Fuel Association Official Addresses Propane Shortage
(Le Mars) — The cold temperatures of these past few days makes us appreciate the heat from our furnaces, and suppliers of propane fuel have been scrambling within the last few weeks, trying to make certain everyone has propane. A short-term shortage of propane fuel has erupted due to the high demand for the fuel. Homes and businesses are needing propane fuel to
help heat their buildings. Meanwhile, country grain elevators and farmers are needing propane in order to dry their grain. Officials say there isn’t a real shortage, but rather a logistic problem. John Mayne is the Regulatory Affairs Manager with Fuel Iowa. He offers an explanation to the current situation.
Maynes says there is plenty of propane fuel available to last well into the future. However, it has been a logistic problem facing the industry.
The Fuel Iowa official says the situation is starting to affect other
states, and not limited to just Iowa. He says how long the situation lingers may depend upon when harvest can be finished.
Maynes says fuel suppliers have needed to short-fill their customers propane requests, in order to make certain everyone has propane.
Maynes says fuel suppliers are working hard at obtaining sufficient amounts of propane to meet all the demands. He says state officials have helped by extending the length of time drivers can be logged on driving the product.
Ft. Madison Erects Monument Recognizing Soldiers
FORT MADISON, Iowa (AP) – A monument marking a battlefield where 23 soldiers died has been installed in Fort Madison.
The granite monument put in place last week includes a history of the military post on one side and the soldiers’ names on another side.
Andy Andrews of the North Lee County Historical Society and Friends of the Old Fort says the $14,000 cost was underwritten by donations through Friends of Old Fort Madison.
A flagpole will be installed nearby.
The Fort Madison Daily Democrat reports that Fort Madison originally was known as Fort Bellevue, was built by the U.S. Army in 1808 and abandoned in 1813.
It was the location of the only War of 1812 battle west of the
Greyhound Racing Increased Revenue, But Future Is Still Uncertain
DUBUQUE, Iowa (AP) – Betting on races at Iowa Greyhound Park in Dubuque rose by 14% this year, but the park’s future and that of greyhound racing still look dicey.
The Telegraph Herald reports that the wagering at the park and other facilities on the Dubuque races is up for the fourth year in a row. This year’s season ended Sunday after 104 days of racing.
General manager Brian Carpenter says, however, the park is far from being financially viable on its own. It continues to reap the subsidy benefits of a 2014 agreement that allowed Dubuque’s Mystique Casino & Resort – now Q Casino and Hotel – and the Horseshoe Casino in Council Bluffs to sever ties with the greyhound industry.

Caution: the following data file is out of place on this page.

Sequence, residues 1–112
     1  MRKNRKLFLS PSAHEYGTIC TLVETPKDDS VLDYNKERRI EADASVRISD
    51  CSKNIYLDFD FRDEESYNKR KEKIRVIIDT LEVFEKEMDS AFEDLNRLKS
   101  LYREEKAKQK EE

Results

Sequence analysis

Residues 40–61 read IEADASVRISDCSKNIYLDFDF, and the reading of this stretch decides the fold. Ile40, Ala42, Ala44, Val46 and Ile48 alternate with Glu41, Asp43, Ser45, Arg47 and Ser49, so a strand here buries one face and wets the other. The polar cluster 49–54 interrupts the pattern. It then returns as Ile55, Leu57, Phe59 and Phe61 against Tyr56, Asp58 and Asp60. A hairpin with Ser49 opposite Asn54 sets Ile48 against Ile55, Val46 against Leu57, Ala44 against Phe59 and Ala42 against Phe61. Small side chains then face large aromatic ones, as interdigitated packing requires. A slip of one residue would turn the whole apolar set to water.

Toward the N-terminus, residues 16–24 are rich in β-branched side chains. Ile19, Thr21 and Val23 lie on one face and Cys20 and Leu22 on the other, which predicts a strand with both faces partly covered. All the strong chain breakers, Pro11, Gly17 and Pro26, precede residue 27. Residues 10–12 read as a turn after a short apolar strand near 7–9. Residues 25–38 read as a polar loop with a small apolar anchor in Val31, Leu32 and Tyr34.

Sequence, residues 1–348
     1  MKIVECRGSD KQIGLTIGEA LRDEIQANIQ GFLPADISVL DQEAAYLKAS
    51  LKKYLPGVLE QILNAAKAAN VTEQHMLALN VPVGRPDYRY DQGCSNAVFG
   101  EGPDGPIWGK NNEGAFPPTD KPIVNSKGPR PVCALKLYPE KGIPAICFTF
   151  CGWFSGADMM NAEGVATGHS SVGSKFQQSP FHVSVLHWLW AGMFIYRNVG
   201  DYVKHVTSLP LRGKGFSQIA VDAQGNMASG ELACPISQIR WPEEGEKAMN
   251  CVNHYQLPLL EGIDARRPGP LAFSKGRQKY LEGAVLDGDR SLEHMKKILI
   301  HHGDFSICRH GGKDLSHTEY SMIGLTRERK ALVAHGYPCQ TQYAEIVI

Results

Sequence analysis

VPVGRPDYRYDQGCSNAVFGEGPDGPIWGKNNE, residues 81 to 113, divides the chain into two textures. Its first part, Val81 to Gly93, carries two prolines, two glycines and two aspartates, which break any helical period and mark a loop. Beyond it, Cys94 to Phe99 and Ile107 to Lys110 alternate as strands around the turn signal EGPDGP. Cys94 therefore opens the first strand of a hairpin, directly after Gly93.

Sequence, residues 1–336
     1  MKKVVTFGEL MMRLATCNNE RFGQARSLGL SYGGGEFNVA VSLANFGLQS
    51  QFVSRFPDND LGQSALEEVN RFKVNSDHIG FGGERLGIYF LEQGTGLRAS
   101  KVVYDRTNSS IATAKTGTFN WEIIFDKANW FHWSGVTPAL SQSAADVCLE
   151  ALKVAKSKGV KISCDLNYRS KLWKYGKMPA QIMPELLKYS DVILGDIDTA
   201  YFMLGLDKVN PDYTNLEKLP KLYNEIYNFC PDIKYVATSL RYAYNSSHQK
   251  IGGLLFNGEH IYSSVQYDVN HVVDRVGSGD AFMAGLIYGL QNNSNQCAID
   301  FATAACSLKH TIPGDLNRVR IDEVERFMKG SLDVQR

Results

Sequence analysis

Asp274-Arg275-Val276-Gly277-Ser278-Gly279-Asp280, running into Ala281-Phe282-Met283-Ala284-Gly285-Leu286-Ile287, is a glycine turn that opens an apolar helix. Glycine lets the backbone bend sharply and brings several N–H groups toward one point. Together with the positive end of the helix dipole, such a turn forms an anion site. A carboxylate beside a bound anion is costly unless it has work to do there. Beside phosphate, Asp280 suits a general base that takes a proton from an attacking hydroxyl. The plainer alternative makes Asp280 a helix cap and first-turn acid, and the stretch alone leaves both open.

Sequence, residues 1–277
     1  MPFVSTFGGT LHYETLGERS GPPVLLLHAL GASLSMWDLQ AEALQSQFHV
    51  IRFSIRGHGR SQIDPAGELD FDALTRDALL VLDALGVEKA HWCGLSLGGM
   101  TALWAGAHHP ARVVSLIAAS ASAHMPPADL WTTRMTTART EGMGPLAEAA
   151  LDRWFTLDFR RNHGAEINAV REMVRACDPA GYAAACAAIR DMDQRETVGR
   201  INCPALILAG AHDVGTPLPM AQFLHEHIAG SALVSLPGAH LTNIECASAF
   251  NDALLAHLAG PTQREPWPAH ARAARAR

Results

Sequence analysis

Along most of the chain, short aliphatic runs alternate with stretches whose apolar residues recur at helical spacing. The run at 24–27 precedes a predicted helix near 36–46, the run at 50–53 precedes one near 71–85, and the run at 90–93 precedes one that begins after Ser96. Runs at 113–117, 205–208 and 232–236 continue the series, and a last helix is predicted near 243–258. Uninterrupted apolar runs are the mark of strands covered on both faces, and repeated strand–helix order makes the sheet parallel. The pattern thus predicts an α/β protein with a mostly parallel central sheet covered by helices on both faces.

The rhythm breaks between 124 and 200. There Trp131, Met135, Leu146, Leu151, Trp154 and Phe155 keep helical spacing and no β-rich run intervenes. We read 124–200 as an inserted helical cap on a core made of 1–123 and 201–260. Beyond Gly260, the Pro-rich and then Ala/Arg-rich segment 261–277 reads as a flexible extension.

He also says the projected end of greyhound racing in Florida and Arkansas could cripple the industry as a whole.
New Director Appointed For World Food Prize Organization
DES MOINES, Iowa (AP) – A woman who has led nonprofit organizations focused on global food security and the impact of climate change on agricultural productivity is the new president of the World Food Prize Foundation.
Barbara Stinson will succeed Kenneth Quinn, the former U.S. ambassador to Cambodia whose 20-year leadership established an international presence for the Des Moines, Iowa-based foundation. The foundation awards the $250,000
World Food Prize annually to individuals who work to reduce world hunger.
Judge Overturns Firing Of Teacher
CEDAR RAPIDS, Iowa (AP) – A judge has overturned the firing of a Cedar Rapids teacher who’d been criticized for how a black baby doll was left hanging in her classroom.
The Cedar Rapids Community School District board had terminated Tammy Ryan’s teaching contract at Metro Alternative High School. A social media outcry arose in spring 2018 when a photo of the doll tied around the waist by a ribbon and hanging horizontally from the ceiling was posted.
Ryan says students placed the doll around the room as part of a
game. The Gazette reports that Ryan says she perceived the doll as flying.
Others saw it as a racist allusion to lynching.
The board fired her, and she took the district to court, seeking a
In a ruling issued Oct. 30, the judge said: “This single instance of
unintentional insensitivity does not amount to just cause to terminate Ms. Ryan’s teaching contract.”
A district representative says board members are evaluating the
district’s next steps.